Illustration Throwback Thursday #34

February 23rd, 2017 | Posted in Illustration Throwback Thursday

This job is another example of the occasional one where the artwork never ends up being used. That’s rare in publication work but not to rare in advertising. Ad agencies will often work up multiple campaigns for the same product to a final or almost final level and then the client decides which one to use. This was one of those jobs.

This project was for Hardee’s restaurants circa 2009, and was art for an ad promotion for their newest sandwich offering… the “Philly Cheesesteak Thickburger”. It is a giant hamburger topped with cheesesteak fixings on one bun… not for a light lunch. The ad was supposed to be like a MAD “Fold-In” concept… something I’ve seen other companies like Dodge do in the past so I knew it was not unprecedented. The thing that concerned me was that the Hardee’s people might want me to copy Al Jaffee‘s style of artwork, which I would absolutely refuse to do. When I raised the issue with them, they said they wanted me to draw like me, and just to design the layout in a way that the folded version showed the results they wanted. Freed from the worry of having to ape another artist’s style, I accepted the job.

Let me tell you, I did not think it possible to have more respect than I already had for Al Jaffee but I was mistaken. It’s a real puzzle having to design and execute a single illustration so that is shows a different scene when folded properly… especially when the idea is to keep the final results hidden until the folding happens. I’m not sure I was very successful at the surprise ending part, as what I needed to illustrate was pretty hard to disguise, but I had my try at it.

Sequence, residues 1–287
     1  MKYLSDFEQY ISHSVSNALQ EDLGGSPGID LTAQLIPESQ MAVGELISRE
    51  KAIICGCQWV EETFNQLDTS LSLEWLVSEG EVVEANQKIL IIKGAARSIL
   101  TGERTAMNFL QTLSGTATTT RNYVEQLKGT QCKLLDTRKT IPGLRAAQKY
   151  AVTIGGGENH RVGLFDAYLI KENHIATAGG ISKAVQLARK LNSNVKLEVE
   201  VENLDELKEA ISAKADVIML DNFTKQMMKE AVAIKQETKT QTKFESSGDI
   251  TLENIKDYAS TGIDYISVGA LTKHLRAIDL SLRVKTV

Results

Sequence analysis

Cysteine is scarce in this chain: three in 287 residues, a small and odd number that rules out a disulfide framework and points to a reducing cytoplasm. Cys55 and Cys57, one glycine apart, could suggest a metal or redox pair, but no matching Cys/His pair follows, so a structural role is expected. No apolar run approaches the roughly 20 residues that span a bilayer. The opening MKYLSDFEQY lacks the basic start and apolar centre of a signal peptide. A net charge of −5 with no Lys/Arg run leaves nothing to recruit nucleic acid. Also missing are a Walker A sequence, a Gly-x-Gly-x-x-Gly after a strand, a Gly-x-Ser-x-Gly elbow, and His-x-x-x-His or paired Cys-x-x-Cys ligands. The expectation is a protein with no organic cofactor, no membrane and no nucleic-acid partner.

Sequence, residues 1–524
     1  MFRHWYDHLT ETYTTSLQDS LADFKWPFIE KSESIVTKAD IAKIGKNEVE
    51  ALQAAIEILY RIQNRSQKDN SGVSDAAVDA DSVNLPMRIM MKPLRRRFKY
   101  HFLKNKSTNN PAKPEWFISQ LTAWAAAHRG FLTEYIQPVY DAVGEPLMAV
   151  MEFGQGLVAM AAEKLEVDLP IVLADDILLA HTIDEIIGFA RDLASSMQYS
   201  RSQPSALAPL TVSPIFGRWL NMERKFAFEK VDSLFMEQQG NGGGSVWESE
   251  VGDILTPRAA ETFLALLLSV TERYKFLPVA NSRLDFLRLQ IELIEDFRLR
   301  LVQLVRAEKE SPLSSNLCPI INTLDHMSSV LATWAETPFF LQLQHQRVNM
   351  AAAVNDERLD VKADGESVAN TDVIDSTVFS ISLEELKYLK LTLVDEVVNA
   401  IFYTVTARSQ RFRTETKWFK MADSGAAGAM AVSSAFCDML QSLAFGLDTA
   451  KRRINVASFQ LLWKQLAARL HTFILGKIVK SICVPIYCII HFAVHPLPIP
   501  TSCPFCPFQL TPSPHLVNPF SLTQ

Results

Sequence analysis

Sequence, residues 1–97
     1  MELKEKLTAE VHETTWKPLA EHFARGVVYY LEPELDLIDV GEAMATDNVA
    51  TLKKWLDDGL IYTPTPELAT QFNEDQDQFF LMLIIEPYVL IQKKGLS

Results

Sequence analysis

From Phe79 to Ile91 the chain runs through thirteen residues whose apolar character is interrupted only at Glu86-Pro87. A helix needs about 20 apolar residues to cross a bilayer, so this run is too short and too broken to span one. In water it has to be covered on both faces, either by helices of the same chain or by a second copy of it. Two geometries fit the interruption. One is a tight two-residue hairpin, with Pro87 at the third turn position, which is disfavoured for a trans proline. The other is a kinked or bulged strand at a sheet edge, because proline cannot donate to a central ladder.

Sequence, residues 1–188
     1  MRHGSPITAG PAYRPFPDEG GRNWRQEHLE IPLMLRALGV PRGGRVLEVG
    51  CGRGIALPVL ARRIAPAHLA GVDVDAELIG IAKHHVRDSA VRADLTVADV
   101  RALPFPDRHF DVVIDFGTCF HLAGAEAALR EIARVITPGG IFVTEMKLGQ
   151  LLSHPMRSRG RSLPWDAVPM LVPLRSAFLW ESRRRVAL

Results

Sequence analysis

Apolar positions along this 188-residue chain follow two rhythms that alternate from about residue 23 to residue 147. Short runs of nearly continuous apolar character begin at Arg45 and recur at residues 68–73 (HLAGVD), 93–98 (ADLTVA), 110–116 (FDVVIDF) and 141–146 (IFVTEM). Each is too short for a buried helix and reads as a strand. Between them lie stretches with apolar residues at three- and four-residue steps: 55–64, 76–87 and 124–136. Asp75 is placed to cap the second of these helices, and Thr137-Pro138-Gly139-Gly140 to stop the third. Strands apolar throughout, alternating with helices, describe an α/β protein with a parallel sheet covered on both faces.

Here’s the initial rough-

foldinrough.jpg

The way it worked best was to do a very rough sketch of the basic full scene, then to draw the two halves in their folded position first. Then using an exacto I cut the folded image along the fold and pasted them to a fresh sheet of paper with the appropriate distance between. Then I just started drawing the image in between, changing the outsides as needed without messing with the important parts.

I did not ink this one, as a softer feel is crucial to getting it to work. You need to be able to make the viewer think something one object when it is also part of something else. Hard lines make that difficult. So, I scanned the pencil, loaded it up into Photoshop and commenced a’paintin’. It took me about 12 hours to get it finished. Here’s what the final looks like open:

foldinfinal.jpg

And folded in:

foldinfinalclosed.jpg

This ad was suppposed to appear in Rolling Stone, Maxim and other similar magazines where the main demographic includes meat-eating men. However shortly after I finished the art the AD on the project said due to scaled back ad budgets they did not run this piece in print but instead used it for an internal incentive program. C’est la vie. Still got paid the full amount.

Comments

  1. James says:

    To be fair, Tom, the artwork looks exactly like Al’s style except for the people. Did you point them to Al instead, or at least call him for his blessing?

    • Tom Richmond says:

      I don’t think it’s fair to say the artwork looks “exactly like Al’s style”. In fact it looks nothing like Al’s style, except for the layout and symmetric qualities that were necessary for the “fold-in” part to work. Yes, I did ask them why they didn’t just call Al to do it, but they wanted a more updated look and digital delivery. The “Fold In” concept has been used many times in advertising. Here’s one Jack Davis did: http://addio.ecrater.com/p/14107557/kit-kat-candy-90s-print.

      I could have called Al and asked him if it was ok I did it, but I already knew what he would say. “What is this, snappy answers to stupid questions? Go ahead!”

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